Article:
Marital Rape in India: Why it shouldn’t be a bedroom matter and be criminalised
Gender | Dec 14, 2016 / by Aastha Singh
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Some numbers that give voice to marital rape cases in India:

In the year 2013, the UN Population Fund and the International Center for Research on Women carried out a survey across the nation in a sample of more than 9200 men. Around 1/3rd of them admitted to having forced a sexual act on their wives. There are several other alarming statistics available on domestic violence in India but the numbers for marital rape cases are still reported by few.

Despite these astounding statistics, most cases go unreported. And that’s perhaps a convenient escape. Reporting would merely serve to antagonize the perpetrator in light of India’s invisible punitive measures.

Marital rape has been one of the longest running bones of social contention in India’s socio-religious narrative.In a country, which is still bound by its static regressive orthodox beliefs progressive social dynamism seems a utopian paradise. Realization that rape occurs even after marriage and that its terminology ‘marital rape’ is still unintelligible to many. If rape is a violation of consent, then does marriage imply dissolution of consent on the part of the woman? Or, does consent for marriage imply a woman’s consent to violate her sanctity? Does the legal code of the largest democracy in the free world legalize feminine subservience?

Our laws: The existing ones do not offer justice or protection to married women who have been subjected to rape by their husbands.

As of now, the Indian laws consider marital rape punishable only in two circumstances: when the wife is below the age of 15 and second, when a man rapes his wife who has been living separately from him. The maximum punishment that a man can be given is upto three years in prison for having unnatural and forced sex with his wife. Do the legal code and the legislative powers view it as a minor offense? The fact that India hasn’t criminalized marital rape even when more people seem to be getting better access to education, high paying jobs, good homes, etc. some men still consider women as objects who can be coerced anytime into sex as per their moods and wishes, is worth contesting, especially when more than 100 countries have criminalized it.

Under the Protection of Women from Domestic Violence Act (2005), marital rape cases are considered only when they are life threatening to the woman. Now, a scenario where a woman had a complete objection to her man forcing her is not liable for any consideration, under the available laws for the protection of women, which is a grotesque reality. A woman’s opinions, choices aren’t respected and she is supposed to bear the brunt of abuse, until she has made her peace with our social reality.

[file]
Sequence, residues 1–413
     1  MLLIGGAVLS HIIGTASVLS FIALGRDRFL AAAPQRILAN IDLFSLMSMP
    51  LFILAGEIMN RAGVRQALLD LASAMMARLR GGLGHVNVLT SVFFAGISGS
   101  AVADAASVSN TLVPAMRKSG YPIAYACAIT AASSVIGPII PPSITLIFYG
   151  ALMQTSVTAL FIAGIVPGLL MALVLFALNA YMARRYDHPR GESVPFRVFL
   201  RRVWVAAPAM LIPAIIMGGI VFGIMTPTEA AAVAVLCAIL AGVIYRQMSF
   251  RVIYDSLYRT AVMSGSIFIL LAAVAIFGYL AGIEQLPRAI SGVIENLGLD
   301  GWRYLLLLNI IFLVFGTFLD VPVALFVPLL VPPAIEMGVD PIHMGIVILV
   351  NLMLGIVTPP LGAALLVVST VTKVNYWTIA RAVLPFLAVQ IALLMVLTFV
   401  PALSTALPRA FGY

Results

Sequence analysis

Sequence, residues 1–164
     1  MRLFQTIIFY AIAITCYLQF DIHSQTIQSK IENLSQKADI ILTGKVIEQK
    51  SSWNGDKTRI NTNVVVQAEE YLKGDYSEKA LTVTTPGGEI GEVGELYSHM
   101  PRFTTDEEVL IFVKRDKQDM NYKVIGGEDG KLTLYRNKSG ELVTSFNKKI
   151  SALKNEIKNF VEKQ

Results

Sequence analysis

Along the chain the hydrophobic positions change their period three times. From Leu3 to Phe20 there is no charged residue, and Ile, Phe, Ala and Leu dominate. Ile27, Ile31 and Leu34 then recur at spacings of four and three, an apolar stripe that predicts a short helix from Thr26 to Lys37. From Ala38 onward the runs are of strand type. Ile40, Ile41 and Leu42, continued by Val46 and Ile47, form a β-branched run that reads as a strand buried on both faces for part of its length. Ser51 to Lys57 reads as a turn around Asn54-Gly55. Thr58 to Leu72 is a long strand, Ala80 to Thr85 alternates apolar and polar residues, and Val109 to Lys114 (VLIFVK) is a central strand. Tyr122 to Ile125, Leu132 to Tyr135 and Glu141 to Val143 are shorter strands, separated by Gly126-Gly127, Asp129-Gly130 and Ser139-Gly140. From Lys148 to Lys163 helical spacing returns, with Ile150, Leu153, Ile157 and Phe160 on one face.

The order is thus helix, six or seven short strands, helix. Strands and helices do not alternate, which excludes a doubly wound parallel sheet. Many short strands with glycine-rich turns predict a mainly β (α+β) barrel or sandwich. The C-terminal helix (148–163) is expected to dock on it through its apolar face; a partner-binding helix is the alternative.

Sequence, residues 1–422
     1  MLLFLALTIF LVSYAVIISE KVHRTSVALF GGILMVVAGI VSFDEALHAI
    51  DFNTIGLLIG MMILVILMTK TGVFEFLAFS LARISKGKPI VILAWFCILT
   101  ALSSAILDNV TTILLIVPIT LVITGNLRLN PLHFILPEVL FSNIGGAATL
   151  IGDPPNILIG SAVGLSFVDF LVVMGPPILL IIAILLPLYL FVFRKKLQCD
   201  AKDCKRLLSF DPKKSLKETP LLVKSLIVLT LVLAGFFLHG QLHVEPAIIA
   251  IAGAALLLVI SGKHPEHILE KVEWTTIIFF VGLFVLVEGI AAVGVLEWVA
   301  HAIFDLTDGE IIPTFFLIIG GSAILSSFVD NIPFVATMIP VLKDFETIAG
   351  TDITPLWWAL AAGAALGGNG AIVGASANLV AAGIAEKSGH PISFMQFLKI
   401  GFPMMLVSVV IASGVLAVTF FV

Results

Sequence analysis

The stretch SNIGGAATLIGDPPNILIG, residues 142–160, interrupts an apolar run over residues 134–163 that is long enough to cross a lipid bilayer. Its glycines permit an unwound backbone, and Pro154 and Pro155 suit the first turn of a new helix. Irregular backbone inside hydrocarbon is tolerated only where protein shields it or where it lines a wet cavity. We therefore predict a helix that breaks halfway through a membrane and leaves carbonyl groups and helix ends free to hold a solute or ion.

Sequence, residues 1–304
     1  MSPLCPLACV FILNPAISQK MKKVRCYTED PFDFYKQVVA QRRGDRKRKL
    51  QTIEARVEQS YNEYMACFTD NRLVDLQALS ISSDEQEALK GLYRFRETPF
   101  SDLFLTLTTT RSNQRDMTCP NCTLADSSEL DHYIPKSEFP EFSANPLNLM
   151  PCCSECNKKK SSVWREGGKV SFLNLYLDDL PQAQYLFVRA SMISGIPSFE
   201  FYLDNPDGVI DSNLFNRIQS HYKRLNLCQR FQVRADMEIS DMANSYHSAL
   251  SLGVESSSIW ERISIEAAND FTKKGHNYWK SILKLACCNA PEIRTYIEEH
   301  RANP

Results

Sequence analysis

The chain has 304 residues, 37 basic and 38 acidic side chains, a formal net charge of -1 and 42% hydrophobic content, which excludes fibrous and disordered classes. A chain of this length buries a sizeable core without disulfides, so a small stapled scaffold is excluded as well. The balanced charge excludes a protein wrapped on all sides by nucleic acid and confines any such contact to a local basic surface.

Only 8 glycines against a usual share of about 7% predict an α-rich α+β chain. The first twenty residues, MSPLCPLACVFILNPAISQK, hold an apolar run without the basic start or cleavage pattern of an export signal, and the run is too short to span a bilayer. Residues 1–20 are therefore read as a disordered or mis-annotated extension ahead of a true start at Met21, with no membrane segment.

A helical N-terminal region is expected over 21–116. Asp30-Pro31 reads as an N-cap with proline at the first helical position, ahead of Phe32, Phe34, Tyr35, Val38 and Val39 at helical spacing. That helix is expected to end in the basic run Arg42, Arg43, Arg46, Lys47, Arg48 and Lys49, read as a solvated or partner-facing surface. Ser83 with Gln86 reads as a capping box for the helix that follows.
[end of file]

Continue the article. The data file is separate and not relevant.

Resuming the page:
The government’s point of view:

What is abominable on the part of the government is its ignorance in realizing that the institution of marriage develops deep loopholes when one gender, mostly men in India and I presume elsewhere in the world too, think that they are superior to their wives and enjoy full liberty in doing whatever they might want to. Sex toys I suppose is what such men think of their wives. “I was treated like a sex slave, like a sex toy” was narrated by a highly tormented woman to a Priyali Sur a journalist, as reported by Huffington post.

Instead, the reasons cited are the traditional social structures of the religious and cultural aspects of the country that preach marriage as a sacred institution. In India, many of us are devout bhakts of various goddesses and perform various Poojas in their names etc. But the respectability and sanctity of a woman is restricted to figurines. She should manage the house, cook for the husband and other family members, manage the children, and still face abuse because she is a woman.

As quoted by the Huffington Post, “The Hindu Marriage Act of 1955 states that a married person can take his or her spouse to court to demand the “restitution of conjugal rights” if the partner refuses to have sex with them”. I do not mean to say that religions promote such acts, but they apparently do not speak against it. Religions as thought to be institutions of peace, sometimes fail to empower gender through their teachings. Religion is meant to be critical. It should make us question the very fundaments of life, not blind us to dogma.

Through this article, I do not intend to harp on the failure of just the Indian government and the constitution in dealing with the issue, but the Indian society as well. We have been shaped by what our generations have taught us and what our historic cultures and traditions have preached. Our religious laws and teachings do not consider husbands forcing their wives for sexual activities as rape because practically in all religions women occupy an inferior level of individuality with respect to men. As a result, it is not considered a crime under many religions when marital rapes happen. Many go unnoticed and unheard and these women are forever forced to lead lives of trauma, and not a life of dignity Constitution who?